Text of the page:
"In the summer," says Ulman, a Stonecoast MFA graduate, "I work in Alaska as a field technician for a shorebird study. In the winter I live in Delaware, where I write about Alaska." His work has appeared in several other magazines.
The wives of two prisoners serving life at the prison across the Bay were walking home after church hand in hand. Like every Sunday morning, they had each devoutly prayed for heavenly lenience for their husbands' sinful souls. The serenity of the crystal snowfall and overall whiteness of town resembled one woman's idea of heaven. And that peace spurred a conversation, which afterwards both women thought was a talk more appropriate to have in heaven, once they had arrived there and therefore had proof that there was such a place.
"Have you ever considered that there might be a divide between what people say and what they think? A revolting divide."
The woman's best friend, more like her sister, gave her a knowing look. She knew what she meant. After surveying the surrounding snowy peacefulness again, she responded. "Yes. I have. OK. Want to talk about it?"
"Father says such nice things -- about unfair trials and tests and strength, our strength in the face of such strife. Our fortitude and limitless courage."
Her friend quoted father, Your enduring love provides hope, not only to your husband but everyone. Paradigms of virtue and faith. Pillars of our congregation. Precious Jesus is proud.
"Yes! The exact same to me -- word for word. And being unoriginal is fine. He is a speaker and he has reliable phrases, like anyone. But..." Picturing the priest's face made her wince.
"I know, dear... The way he looks at us."
"Yes! Even, or especially when he is paying these compliments. Disapproval, pity, disgust, spite."
"And almost like anger, right?"
"Yes. Like we're breaking his heart, and we know it."
"Basically the same way anyone who knows who we are looks at us. Like the crimes are ours, too. Like it's our guilt."
"As if staying married to and supporting sick men is a sin."
"I often wonder if it is."
"Oh, of course, dear. Every day. But I always find love. I don't know how but it's always there. Maybe because, like father says, there are no exceptions to love, everyone gets love, and not just from Jesus. And since no one else has love for our husbands, not their mothers or fathers and sadly, certainly not Father. So we seek and take up that vacant love."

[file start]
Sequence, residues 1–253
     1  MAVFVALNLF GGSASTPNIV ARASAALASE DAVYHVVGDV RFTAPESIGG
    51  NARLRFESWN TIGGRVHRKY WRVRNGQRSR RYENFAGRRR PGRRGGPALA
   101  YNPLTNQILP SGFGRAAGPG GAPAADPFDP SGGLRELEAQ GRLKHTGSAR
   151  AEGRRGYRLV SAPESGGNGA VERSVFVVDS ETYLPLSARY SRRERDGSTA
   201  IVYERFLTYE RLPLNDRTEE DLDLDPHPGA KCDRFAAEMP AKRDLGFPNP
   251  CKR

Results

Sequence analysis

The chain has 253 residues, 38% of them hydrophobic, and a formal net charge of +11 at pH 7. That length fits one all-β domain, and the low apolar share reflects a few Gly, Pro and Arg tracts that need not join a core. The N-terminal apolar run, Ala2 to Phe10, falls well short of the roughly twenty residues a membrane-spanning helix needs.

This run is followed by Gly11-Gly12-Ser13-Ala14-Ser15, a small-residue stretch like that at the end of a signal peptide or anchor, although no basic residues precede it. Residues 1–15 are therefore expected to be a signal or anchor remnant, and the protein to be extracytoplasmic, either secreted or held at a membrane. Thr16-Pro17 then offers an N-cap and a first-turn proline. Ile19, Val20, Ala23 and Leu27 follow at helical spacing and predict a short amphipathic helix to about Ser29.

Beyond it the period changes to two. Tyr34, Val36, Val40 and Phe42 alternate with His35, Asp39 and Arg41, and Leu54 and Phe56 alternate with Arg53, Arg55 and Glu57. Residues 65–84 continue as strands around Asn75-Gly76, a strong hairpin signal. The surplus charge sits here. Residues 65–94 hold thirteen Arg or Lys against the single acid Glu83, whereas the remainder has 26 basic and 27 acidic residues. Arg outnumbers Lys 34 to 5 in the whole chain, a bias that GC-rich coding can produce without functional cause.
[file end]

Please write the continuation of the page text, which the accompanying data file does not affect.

The other wife squeezed her friend's hand and nodded solemnly. "Every day I look, too. And I find it, too. And until I don't..."
Aside from sharing the complicated burden of having murderous husbands, both women had toddler daughters that were conceived during loveless conjugal visits; both were Pisces with long blond hair they dyed black, and they both knew this friendship or sisterhood was the only thing that sustained their relative sanity. Watching their daughters holding hands, skipping ahead of them in the snow like angels, the women began to cry. They held one another.
Yesterday a shipment of twelve transferred convicts arrived at the prison. And today at noon (while their wives were walking), for many reasons -- to dissuade a new prisoner from picking a fight with either of them, because they hadn't fought yet this winter, they missed it and, mostly, to put on a show -- the husbands fought one another barbarously, with intent to kill. This exhibition of their hate -- a hate which was the sole motivation that kept them interested in prison life and living life -- left both battered, bloodied, bruised and content.
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